|Clown Dancer||Moon of the
My goal is to create 3-dimensional, life-size forms, specifically, Mescalero Apache Gaan Dancers with blown and hot sculpted kinetic elements. I have been intrigued with the ritual purpose that these figures embody spiritually. Traditionally, they are evil spirit chasers who are expected to corral and banish disturbing forces. Because of the expressive qualities of these mountain gods, I have worked for many years to capture their spiritual essence and their overtly threatening demeanor. I have learned to cast in a variety of metals and have become adept at silver and goldsmithing and lapidary work. I also paint with glass frit; a technique that I believe is highly innovative in the glass world at this time. I have learned to fuse, slump and cast glass and have produced wood embellishments and bases for these pieces. As I see it, the final step in my creative journey is to learn to blow and sculpt on a punty. While I have some experience blowing, currently my strength lies in my sculpting abilities.
As an 8- year-old child, I used to ride horseback along a tributary on my grandparents’ property and often stopped for a dip in this creek. While swimming, I discovered a clay deposit. Squishing the new and fascinating substance through my fingers produced an interesting sensation. I began to mold it into nonsensical objects. I left these newly formed artworks on the bank of the creek. Before long, I had at least a dozen abstract sculptures on nature’s platform. So began my passion for sculpting. Instead of following what came naturally, creating contemporary forms, I delved into what I considered classical training -- drawing, painting and sculpting. Thinking this was real art, I continued on this path into adulthood, always creating pieces from found objects.
A few years after this discovery in the creek, I was at a yard sale with my grandmother, Mela, my sole inspiration for pursuing the arts. I witnessed in her a yearning for an intrinsic object of beauty, a small stained glass window. I saw her weigh the need to clothe her grandchildren, against the desire to possess a pane of multi-colored, patterned glass. The look of awe visible in her face struck a chord in me on that fateful day. I never let it go. In the end, she chose to clothe her grandchildren. At this precise moment, I decided I would learn to make stained glass windows. Before she passed away in 1996, I filled her home with beautiful colored windows. Her reaction was always the same, “Oh Mijo, mi Santiagito.” These were very sweet words to me and always left me floating on air. When she passed away, I decided to make a business of glass. I started this business in her home. After doing some research, I bought a kiln and some glass. Here began Santiago’s Glass Works which morphed into A Burst Forth and currently Rincon Enterprises. Until recently, I couldn’t settle on a business name that embodied my soul. Passion and Fury does so, it is the permanent name I have chosen to describe my body of work.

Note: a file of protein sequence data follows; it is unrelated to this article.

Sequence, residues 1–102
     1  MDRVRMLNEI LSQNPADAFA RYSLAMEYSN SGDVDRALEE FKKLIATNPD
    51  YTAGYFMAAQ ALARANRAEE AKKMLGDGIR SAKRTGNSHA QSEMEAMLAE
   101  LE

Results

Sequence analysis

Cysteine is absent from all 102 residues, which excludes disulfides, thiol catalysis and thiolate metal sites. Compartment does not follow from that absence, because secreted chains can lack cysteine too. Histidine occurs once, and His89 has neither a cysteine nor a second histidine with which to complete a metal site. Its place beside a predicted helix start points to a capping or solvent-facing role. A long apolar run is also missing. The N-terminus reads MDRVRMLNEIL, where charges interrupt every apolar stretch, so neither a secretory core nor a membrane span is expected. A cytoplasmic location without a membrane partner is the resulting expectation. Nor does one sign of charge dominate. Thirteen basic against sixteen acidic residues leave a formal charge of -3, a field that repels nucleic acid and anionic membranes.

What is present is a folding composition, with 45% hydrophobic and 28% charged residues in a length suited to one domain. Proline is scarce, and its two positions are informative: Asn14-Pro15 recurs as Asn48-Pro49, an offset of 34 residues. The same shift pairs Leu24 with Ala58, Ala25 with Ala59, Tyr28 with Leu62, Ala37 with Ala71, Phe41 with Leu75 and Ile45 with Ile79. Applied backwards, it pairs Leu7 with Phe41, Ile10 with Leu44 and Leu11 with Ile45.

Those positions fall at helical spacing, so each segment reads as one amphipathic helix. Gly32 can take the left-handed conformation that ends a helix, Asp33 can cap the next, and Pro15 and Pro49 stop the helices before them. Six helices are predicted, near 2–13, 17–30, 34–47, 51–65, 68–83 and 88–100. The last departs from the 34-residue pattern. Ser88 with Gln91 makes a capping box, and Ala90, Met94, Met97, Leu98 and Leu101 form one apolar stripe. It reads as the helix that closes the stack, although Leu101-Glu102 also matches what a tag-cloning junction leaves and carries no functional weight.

Although hot glass is fairly new to me (within the past 5 years), I have painted, sculpted and drawn my entire life. My works in stone, bronze, wood and canvass are in collections all over the world. I have won numerous awards in my youth, everything from best of show to honorable mention.
In 1986, instead of taking the next logical step with my art, I chose to purchase a restaurant. Three years later, I purchased another and fifteen years later I sold both to return to my one true passion, art. I acquired most of my technical skills on my own and through observing others. My first professional teaching experience was at Mesa College in Tucumcari where I was asked by the Dean to teach summer art classes. In 2002, I began teaching at Hot Flash Glass in Albuquerque and then at Stained Glass Concepts also in Albuquerque. Currently, I am in discussion with D&L Stained Glass to teach at their facility. In 2007 and 2009 I was awarded scholarships to attend Pilchuck School of Glass by Chateau St. Michele and Glass Alliance New Mexico respectively. Most recently I was juried into the 40th annual Taos Art Glass Invitational and I am pleased to have been nominated for a Corning Award for 2010.